However, landlords cannot issue a Section 21 eviction notice as a retaliatory action. This stipulation applies to all tenancies agreed upon after 1st October 2015.

unlock property

When receiving a Section 21 notice, the landlord takes the first step to notify you of eviction proceedings and can do so without reason. 230,000 private renters have been served no-fault eviction notices since 2019, giving tenants only two months to arrange alternative accommodation. It is also worth noting that there are several requirements the notice must adhere to to be valid, which are found under Section 21 and are well documented by Shelter.

Landlords can serve no-fault eviction notices in four ways: by post, email, in person or by the managing agent if signed by the landlord.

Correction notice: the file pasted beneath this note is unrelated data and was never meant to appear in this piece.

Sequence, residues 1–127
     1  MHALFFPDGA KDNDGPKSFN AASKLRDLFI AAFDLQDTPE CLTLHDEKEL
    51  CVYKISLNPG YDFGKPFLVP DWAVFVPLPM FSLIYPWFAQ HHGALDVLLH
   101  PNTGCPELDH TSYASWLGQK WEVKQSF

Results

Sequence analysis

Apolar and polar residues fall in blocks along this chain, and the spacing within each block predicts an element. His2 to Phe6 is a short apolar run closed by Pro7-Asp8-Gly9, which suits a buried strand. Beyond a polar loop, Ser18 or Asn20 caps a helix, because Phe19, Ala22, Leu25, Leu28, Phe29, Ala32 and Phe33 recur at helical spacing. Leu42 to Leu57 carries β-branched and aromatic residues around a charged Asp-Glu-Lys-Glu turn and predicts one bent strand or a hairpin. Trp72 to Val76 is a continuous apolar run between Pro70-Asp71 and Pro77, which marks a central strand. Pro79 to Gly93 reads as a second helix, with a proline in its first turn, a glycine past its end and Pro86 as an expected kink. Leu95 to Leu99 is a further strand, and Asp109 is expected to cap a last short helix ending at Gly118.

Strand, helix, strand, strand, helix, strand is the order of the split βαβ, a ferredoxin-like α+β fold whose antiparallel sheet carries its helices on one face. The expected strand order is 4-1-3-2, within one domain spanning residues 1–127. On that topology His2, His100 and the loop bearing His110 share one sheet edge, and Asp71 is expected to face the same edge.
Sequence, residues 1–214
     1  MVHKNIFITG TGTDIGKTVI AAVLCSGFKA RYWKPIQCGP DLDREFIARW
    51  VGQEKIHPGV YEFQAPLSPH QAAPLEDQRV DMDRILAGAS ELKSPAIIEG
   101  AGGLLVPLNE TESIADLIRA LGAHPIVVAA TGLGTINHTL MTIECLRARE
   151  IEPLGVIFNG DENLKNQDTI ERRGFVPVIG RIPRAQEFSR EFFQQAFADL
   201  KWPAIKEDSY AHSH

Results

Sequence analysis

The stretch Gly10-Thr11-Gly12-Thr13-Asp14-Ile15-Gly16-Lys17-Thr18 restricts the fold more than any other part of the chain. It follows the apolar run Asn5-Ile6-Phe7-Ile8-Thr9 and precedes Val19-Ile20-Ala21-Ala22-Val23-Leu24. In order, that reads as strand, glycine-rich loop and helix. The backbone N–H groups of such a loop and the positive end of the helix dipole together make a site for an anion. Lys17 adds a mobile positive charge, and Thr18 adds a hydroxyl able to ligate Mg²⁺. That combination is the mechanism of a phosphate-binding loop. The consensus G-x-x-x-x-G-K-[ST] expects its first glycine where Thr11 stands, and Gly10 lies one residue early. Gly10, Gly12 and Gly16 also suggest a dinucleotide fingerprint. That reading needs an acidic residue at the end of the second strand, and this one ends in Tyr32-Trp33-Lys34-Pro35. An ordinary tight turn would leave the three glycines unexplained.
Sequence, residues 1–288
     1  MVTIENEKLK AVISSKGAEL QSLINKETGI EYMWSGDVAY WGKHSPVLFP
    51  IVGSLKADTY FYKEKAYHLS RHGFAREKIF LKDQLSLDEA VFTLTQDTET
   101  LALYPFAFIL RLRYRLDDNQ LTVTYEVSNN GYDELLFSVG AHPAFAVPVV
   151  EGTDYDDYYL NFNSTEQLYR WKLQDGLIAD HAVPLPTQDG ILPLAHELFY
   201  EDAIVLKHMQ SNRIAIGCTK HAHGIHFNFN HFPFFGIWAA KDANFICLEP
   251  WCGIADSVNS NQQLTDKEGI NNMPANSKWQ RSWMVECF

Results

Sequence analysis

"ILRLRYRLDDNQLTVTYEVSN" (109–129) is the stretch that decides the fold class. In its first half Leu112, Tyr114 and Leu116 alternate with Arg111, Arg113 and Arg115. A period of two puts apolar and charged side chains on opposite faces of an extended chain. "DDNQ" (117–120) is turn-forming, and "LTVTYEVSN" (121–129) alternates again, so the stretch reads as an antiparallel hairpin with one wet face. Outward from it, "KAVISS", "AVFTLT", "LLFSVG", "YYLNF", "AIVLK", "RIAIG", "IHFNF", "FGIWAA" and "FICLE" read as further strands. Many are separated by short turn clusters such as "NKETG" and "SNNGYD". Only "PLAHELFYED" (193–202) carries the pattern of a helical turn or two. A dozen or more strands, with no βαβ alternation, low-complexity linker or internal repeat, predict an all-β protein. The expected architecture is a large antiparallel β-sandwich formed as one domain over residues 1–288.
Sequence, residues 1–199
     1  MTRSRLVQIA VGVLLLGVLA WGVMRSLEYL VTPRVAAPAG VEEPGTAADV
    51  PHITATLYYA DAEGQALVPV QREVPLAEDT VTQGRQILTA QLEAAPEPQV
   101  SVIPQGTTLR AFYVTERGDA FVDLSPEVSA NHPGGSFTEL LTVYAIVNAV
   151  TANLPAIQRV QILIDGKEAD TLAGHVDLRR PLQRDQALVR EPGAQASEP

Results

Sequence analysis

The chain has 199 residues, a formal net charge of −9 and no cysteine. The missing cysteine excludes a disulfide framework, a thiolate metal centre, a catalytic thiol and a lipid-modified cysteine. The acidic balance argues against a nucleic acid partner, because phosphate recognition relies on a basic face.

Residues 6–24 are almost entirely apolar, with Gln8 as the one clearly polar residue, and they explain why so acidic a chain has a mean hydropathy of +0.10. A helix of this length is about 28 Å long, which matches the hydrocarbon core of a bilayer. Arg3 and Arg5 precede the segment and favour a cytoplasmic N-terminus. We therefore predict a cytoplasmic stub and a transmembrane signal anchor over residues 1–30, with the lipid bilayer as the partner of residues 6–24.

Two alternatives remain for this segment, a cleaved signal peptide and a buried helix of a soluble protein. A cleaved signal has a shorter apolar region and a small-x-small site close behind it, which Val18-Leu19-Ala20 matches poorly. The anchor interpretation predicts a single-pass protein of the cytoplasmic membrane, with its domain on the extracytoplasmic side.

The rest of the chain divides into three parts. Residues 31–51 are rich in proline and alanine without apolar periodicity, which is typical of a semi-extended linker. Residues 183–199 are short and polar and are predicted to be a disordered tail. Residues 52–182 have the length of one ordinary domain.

Each method has specific requirements that must be adhered to in order to be deemed valid. A tenancy, which commenced following 30th September 2015, must include specific prescribed information that will most likely require a solicitor to ensure its validity. As a tenant, you can challenge the validity of the notice in court; however, if you are unsuccessful, you may be asked to pay the court fees.

The notice period begins when the tenant has received the notice and will have a minimum of two months to stay on the property.

Why and how are the British government looking to abolish Section 21?

No fault evictions are an arguably unfair treatment of tenants and somewhat threaten their rights to the property they rent. The government is reforming section 21 to rebalance the power in the relationship between tenant and landlord.

Living in London property

The Renters' Reform Bill will seek to stamp out section 21 and landlords' right to no-fault evictions by changing all tenancies to periodic tenancies.

Michael Gove says: